And the truth is that I am who I always was, walking or not. 

I can't tell you what a huge breakthrough this is for me. I'm not defined by what I can no longer do.

Today, as I go about my day, I'm going to take special note of all the things I CAN do, all the ways I can love my family and friends, all the things that make me a unique and special person that have absolutely nothing to do with my inability to run. 

Today, will you judge yourself by your limitations or by your potential?

Wednesday, May 5, 2010


It's an odd thing that as I've begun to listen for my own inner voice, that I've started to...well...CARE about myself again.  I care enough to try to minimize my stress.  I find that I am setting boundaries for what I do with my time, instead of just reacting to the demands of other people.

Another unexpected thing that has come out of this is that I suddenly am taking a little better care of myself.  Like, I care that I haven't made time to have my teeth cleaned in two years, that I need to see a dermatologist about a suspicious spot on my arm.  I want my hair cut and have actually been thinking I might do something more than just the trim I normally get so I can stuff the whole unruly mass into a pony tail.  I'm using a little eye-cream at night.  I'm taking the time to cut up fruit for myself --FOR MYSELF ONLY --for breakfast.  In the past, I just never would have done this.  Take the time to prepare a meal just for me?  Unheard of.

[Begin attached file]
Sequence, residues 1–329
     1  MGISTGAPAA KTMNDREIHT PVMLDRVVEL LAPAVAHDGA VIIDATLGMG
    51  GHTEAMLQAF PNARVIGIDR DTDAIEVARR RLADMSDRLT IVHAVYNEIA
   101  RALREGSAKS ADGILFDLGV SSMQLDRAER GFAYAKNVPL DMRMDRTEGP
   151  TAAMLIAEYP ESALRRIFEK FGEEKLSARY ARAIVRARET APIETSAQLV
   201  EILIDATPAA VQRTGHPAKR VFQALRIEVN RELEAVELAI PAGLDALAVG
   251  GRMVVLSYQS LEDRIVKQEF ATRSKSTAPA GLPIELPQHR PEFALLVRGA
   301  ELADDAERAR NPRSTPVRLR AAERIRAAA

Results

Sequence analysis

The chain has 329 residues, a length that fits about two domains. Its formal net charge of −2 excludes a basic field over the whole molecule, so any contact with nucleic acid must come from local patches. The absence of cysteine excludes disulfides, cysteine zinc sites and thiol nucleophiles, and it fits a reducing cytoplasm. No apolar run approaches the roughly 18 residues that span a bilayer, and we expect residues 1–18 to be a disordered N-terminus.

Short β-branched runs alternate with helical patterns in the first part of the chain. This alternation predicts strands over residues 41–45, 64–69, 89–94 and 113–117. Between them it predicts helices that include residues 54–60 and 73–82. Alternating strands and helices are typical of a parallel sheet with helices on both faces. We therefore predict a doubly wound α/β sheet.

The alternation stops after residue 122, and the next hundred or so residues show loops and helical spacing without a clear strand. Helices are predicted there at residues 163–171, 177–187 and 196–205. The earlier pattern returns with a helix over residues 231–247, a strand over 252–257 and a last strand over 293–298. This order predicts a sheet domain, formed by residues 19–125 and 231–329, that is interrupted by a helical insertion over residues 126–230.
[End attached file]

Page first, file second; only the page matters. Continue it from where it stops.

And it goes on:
Instead of thinking of myself as an after-thought, --or worse, as someone to punish for falling short of my own ideals-- I am finding some kindness for myself.

This is heady stuff for a woman who has put herself as far out of her mind as possible.

What kindness will you find for yourself today?

Tuesday, May 4, 2010


I spent a sleepless night, worrying about things over which I have no control and even less ability to change at 3:00AM.

Today I will focus on taking some time just for me, to rest and restore.

And I will consciously meet the worrying voice in my head with the refrain, "I will not obsess over things I cannot change."

Sometimes I think the hardest thing is to embrace in life is the idea of uncertainty as a constant.